Skip to main content

By: Chris Fink & Steve Zimmerman

Like several other organizations in its community, an environmental nonprofit struggled to meet fundraising goals in 2018. A board member, having read about the benefits of social enterprise, brings up the idea of opening one, billing it as the panacea for the organization’s financial challenges. It sounds exactly like what the organization needs: it could generate some unrestricted revenue and might bring much-needed relief from having to ask, or seemingly beg, for money from donors year after year.

Could the “social enterprise as a savior” mentality be too simple to be true?


This is not a piece about whether or not a social enterprise will work for most nonprofits; it already has for many. Our purpose is focused on what is required to successfully run a social enterprise and what doing so means for a nonprofit’s overall business model.

At its core, a social enterprise is a fee-for-service activity. For example, the environmental organization might open a Nursery and sell customers responsibly grown plants, generating revenue from sales and advancing the conservation mission. However, an organization that has expertise in soliciting individual gifts and hosting fundraising events might not necessarily have the skills to successfully run a Nursery. For example, the organization will need to:

  • gain access to working capital for startup costs.
  • develop marketing campaigns.
  • track revenue and customer satisfaction metrics.
  • recruit and retain staff with small business and horticulture skills.

To develop these capacities[1], it will be necessary for the environmental organization to invest staff time and financial resources.

It’s worth remembering, then, that every program in an organization is linked, and collectively contributes to the overall impact and financial viability of the organization.  Although some programs seem like they operate in silos, the investment in a new revenue stream or social enterprise impacts the entire organization, and as such, each program to some degree. Therefore, new programs, like the Nursery, need to be responsibly integrated into an organization’s overall business model. Leadership at the environmental organization might ask: How will we build the capacities needed to manage this revenue stream? Where will the financial investment (in direct expenses and time) come from?  Will we need to divest from other activities to create time and invest in the skills we need to develop a sustainable social enterprise?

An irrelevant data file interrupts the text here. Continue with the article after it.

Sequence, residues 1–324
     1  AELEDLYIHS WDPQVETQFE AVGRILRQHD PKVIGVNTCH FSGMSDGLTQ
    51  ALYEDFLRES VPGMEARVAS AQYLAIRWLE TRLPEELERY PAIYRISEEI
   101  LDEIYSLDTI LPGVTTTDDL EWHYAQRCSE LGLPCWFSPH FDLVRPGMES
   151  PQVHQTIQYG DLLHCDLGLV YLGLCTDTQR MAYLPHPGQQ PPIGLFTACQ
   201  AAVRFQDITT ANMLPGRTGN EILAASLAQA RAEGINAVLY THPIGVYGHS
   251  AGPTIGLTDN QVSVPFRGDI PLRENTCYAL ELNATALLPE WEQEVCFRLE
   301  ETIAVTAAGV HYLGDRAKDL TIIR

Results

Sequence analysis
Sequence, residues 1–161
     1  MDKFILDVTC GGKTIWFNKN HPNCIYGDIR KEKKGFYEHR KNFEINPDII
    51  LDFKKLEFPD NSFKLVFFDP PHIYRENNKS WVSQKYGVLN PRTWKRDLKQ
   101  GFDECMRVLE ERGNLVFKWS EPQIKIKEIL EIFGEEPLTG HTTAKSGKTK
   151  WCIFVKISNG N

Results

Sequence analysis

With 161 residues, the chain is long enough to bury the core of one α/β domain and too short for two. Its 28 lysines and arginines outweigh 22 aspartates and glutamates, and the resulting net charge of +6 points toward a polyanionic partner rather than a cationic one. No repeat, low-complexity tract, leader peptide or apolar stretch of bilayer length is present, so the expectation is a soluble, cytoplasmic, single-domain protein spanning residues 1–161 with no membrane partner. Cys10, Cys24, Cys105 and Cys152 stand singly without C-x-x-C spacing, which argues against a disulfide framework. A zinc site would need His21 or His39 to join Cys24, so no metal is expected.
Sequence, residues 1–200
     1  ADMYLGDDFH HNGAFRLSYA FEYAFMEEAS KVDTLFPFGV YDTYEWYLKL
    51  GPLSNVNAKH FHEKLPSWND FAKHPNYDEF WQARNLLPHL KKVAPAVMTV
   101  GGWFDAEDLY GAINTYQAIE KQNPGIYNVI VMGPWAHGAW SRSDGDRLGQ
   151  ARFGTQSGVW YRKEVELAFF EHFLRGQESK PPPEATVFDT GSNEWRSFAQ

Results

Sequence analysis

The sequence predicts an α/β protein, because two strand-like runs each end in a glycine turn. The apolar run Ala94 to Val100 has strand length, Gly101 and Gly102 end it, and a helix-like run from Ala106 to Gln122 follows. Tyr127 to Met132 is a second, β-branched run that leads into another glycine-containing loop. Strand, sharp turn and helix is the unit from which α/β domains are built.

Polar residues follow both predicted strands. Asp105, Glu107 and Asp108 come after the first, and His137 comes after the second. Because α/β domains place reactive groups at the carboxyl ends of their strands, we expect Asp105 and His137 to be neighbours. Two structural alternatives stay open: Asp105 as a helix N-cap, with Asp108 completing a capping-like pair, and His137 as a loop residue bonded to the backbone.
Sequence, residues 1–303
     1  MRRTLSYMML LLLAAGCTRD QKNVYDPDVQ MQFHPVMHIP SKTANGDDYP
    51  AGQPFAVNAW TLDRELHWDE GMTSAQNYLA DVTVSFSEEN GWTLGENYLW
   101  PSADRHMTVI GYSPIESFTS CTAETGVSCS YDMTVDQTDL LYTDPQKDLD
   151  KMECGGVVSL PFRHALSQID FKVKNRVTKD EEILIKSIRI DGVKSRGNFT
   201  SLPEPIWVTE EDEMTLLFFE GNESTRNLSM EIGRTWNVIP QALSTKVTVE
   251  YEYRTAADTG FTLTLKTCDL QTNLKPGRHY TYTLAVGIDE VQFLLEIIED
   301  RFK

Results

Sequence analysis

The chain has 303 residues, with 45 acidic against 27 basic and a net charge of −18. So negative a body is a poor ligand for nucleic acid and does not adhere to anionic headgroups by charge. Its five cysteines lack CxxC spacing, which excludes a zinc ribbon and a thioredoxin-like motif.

The matrix map can serve as a tool to engage leadership in answering these questions. It provides leaders with a snapshot of the organization, showing both the impact and profitability of all activities individually and how they interact for the organization as a whole. The environmental organization’s matrix map is shown below, with the potential Nursery program graphed in the middle.

By adding a social enterprise to the map, leadership can envision their future map or business model and the steps required to get there. They can predict how programs might move on the impact and profitability axes in response to investing in the new program, in this case, the Nursery.  These discussions can surface a series of actions the organization might take to gradually build its capacity to administer a new program like the Nursery.

For instance, leaders of the environmental organization might sequence their decisions as illustrated in the map below:

  1. Close the Resource Library: A low impact, low profitability program, the Resource Library is currently using resources from the organization which might be better spent building up the Nursery.
  2. Decrease the subsidy for Restoration and Reforestation: While this program enjoys relatively high impact, it is expensive as shown by the size of the circle. In the short term, the organization could consider shifting resources from Restoration and Reforestation to the Nursery. Then, once the Nursery starts to generate income, these funds could be reinvested into Restoration and Reforestation to grow the program once again, even beyond where it is currently, thereby increasing the organization’s impact and financial viability.
  3. Invest in securing funds from Major Donors: Of the fund development programs (green bubbles), Major Donors has the largest relative impact and is also the most profitable. Developing this revenue source to better steward donors could build on the organization’s current strengths and generate more revenue to help subsidize the startup of the Nursery.

Importantly, these are not necessarily “easy” decisions as there are implications on staffing, donor interest, and organizational culture.  These are also not the only choices that this organization could make. There are many routes to integrate a sustainable social enterprise but doing so requires thoughtfulness and intentionality. It is merely a dream for organizations to start a social enterprise without the necessary capacities to do so, expect it to be profitable immediately, and not bare any influence on the mission impact and financial viability of other activities. The interconnected nature of nonprofit business models requires that leaders leverage the organization’s collective expertise by bringing people into conversations about the feasibility of new programs and the overall strategy for funding impact.



[1] For more on the characteristics and dynamics of successful fee-for-service business models, we highly recommend Nonprofit Quarterly’s Nonprofit Business Model Series: Part 5 – The Fee-for-Service Nonprofit hosted by Kate Barr of Propel Nonprofits.